An airplane rolls on its longitudinal axis, and yaws on an axis normal to the plane. However, the roll and yaw are not independent of each other. In short, “Roll causes yaw, and yaw causes roll.” An aircraft yaw occurs, without any input from the pilot, when an airplane is banked.
A vertical stabilizer at the tail of an aircraft provides directional stability to the plane and an airplane rudder attached to it delivers positive control over the yaw movements of an aircraft. On the other hand, ailerons attached to the airplane wings provide lateral stability to the aircraft and help the airplane to roll.
Aircraft Yaw as a Consequence of Roll
Aircraft yaw is generally initiated via airplane rudders. However, as an aircraft goes into a roll, it acquires a tendency to yaw into the turn, or towards its lower wing. An aircraft having higher directional stability characteristics would exhibit greater aircraft yaw during the roll. Here is how it happens:
- An aircraft initiates a roll to its left.
- The left aileron (attached to the wing) goes up to produce drag.
- The right aileron moves downward to produce more lift.
- As a consequence of increased drag on the left wing, and increased lift on the right wing, the left wing rolls downward while the right wing rolls upward.
- During this phase (with the left wing down and the right wing up), the right wing travels faster through the air and contributes more to the production of lift.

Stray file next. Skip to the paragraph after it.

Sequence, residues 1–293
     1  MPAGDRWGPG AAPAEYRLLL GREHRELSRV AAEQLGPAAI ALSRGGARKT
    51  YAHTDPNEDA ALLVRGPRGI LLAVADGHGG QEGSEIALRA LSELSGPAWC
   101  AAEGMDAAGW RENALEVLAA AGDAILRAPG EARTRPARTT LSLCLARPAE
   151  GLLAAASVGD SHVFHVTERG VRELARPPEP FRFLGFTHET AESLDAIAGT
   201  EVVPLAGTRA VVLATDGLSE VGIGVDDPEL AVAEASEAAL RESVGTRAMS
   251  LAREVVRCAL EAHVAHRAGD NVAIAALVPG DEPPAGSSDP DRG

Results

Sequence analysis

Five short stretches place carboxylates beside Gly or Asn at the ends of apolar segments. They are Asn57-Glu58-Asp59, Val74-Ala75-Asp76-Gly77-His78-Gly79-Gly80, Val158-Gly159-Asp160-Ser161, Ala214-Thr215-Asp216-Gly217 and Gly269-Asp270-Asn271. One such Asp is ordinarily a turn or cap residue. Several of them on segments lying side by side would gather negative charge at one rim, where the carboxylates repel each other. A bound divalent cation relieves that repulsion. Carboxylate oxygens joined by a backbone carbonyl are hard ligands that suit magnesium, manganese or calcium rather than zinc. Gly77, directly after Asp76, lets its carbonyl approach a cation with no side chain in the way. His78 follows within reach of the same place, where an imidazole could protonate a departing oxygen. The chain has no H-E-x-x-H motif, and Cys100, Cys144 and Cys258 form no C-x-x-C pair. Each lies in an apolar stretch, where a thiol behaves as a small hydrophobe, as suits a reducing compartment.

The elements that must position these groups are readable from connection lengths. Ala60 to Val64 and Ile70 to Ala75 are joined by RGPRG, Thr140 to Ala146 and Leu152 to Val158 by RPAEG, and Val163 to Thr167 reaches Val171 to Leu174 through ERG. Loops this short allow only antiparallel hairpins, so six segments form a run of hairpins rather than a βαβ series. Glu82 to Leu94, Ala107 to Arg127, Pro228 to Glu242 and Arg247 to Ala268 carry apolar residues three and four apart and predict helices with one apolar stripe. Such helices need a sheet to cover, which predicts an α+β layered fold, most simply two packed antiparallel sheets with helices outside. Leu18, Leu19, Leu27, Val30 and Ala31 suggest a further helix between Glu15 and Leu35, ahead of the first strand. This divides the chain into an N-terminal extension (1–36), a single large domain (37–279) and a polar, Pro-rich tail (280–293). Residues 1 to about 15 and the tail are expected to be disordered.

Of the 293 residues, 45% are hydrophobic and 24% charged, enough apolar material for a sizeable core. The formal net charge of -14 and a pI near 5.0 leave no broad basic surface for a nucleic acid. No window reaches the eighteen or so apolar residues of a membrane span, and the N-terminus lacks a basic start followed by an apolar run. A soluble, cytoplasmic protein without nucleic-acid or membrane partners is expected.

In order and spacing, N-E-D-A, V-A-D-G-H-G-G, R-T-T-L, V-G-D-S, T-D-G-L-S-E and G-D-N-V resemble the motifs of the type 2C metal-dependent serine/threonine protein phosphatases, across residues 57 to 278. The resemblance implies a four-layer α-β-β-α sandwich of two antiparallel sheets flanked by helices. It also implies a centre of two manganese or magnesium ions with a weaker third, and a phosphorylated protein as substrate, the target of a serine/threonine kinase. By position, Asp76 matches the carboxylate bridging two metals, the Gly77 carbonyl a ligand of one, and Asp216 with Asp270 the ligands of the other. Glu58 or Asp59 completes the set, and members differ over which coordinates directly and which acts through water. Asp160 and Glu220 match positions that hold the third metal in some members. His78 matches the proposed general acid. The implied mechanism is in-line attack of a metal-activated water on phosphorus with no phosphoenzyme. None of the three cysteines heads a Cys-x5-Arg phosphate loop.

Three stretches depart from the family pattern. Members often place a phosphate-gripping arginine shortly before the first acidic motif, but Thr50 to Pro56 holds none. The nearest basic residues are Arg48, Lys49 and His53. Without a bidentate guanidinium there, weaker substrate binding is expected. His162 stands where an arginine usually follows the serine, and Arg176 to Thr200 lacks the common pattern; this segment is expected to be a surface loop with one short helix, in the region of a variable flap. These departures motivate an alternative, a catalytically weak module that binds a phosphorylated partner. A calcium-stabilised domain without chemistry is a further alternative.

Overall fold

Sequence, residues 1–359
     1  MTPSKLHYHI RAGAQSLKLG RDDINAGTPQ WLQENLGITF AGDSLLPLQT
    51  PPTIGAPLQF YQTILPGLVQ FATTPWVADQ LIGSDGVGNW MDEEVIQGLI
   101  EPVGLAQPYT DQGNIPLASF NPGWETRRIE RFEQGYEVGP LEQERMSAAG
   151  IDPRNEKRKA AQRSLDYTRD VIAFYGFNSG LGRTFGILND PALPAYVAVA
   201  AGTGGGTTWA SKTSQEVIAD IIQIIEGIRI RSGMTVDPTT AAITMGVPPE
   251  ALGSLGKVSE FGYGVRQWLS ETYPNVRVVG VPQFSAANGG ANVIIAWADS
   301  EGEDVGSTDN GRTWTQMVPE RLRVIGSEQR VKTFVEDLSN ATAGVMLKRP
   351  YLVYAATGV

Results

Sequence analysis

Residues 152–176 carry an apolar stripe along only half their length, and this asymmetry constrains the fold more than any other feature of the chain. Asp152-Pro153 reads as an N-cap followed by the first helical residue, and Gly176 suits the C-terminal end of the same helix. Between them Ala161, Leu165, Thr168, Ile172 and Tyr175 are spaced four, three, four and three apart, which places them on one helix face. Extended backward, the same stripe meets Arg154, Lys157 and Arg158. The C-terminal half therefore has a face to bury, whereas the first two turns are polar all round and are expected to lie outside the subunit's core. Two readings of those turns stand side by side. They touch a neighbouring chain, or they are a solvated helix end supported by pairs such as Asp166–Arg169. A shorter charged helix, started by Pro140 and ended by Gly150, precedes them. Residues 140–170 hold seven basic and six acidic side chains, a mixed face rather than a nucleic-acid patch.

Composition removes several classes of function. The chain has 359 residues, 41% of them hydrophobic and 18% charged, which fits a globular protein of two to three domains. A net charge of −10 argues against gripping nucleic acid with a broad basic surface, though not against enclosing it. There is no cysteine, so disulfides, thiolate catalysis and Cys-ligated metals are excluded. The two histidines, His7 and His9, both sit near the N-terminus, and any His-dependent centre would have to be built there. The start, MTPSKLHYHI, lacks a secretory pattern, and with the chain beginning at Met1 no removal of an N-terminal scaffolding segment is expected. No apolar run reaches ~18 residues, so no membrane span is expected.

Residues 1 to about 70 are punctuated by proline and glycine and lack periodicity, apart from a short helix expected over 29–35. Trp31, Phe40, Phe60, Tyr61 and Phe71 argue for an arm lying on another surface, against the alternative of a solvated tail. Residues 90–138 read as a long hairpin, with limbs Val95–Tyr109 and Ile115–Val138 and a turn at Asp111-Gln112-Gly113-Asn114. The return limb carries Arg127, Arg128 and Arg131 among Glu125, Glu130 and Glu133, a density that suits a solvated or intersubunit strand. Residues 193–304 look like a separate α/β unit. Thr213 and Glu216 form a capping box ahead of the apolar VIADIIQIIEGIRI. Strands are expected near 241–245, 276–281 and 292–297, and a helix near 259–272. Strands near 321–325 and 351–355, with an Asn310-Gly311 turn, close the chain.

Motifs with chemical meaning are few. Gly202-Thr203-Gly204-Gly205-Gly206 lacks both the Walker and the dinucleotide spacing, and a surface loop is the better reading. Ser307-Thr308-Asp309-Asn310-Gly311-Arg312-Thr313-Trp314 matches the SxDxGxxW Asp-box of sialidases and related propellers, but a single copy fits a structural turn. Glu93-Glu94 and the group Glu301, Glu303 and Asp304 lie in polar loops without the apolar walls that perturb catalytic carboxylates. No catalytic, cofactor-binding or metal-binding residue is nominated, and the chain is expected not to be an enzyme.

- This increased lift acts diagonally and is divided into two components. The horizontal component of lift enables an airplane to roll in the desired direction.
- The increased production of lift due to the right wing’s relatively higher airspeed and its aileron in down position induces an aircraft yaw towards the left.
This automatic aircraft yaw is desirable and helps the airplane to turn at a higher rate. It is noteworthy that the primary factor that enables an airplane to turn is the horizontal component of lift however, the aircraft yaw assists the plane during a turn.
Aircraft Yaw Causing Roll
Similar to the automated aircraft yaw effect, a roll is also triggered during the yaw of an airplane. If an airplane were to yaw towards the left using its rudder during straight and level flight:
- The nose of the aircraft would yaw to the left.
- The right wing would be exposed to an increased relative airflow thereby producing more lift.
- The increased lift production would cause it to roll upwards, whereas the left wing would roll downwards.
- This automated roll would therefore induce a bank towards the left.
Aircraft yaw and roll must always be considered together since they fundamentally cause one another. In order to turn efficiently, a pilot must necessarily roll to bank in the desired direction, coordinating the bank with rudder to keep in check the aircraft yaw produced as a consequence.
NASA Glenn Research Center. The Beginner’s Guide to Aeronautics. Accessed on December 12, 2011.
Federal Aviation Administration, Flight standards Service. Airplane Flying Handbook. (2004).
Federal Aviation Administration, Flight standards Service. Pilot’s Handbook of Aeronautical Knowledge. (2008).
Trevor, T. Aeroplane General Knowledge and Aerodynamics. Aviation Theory Centre. (2004).
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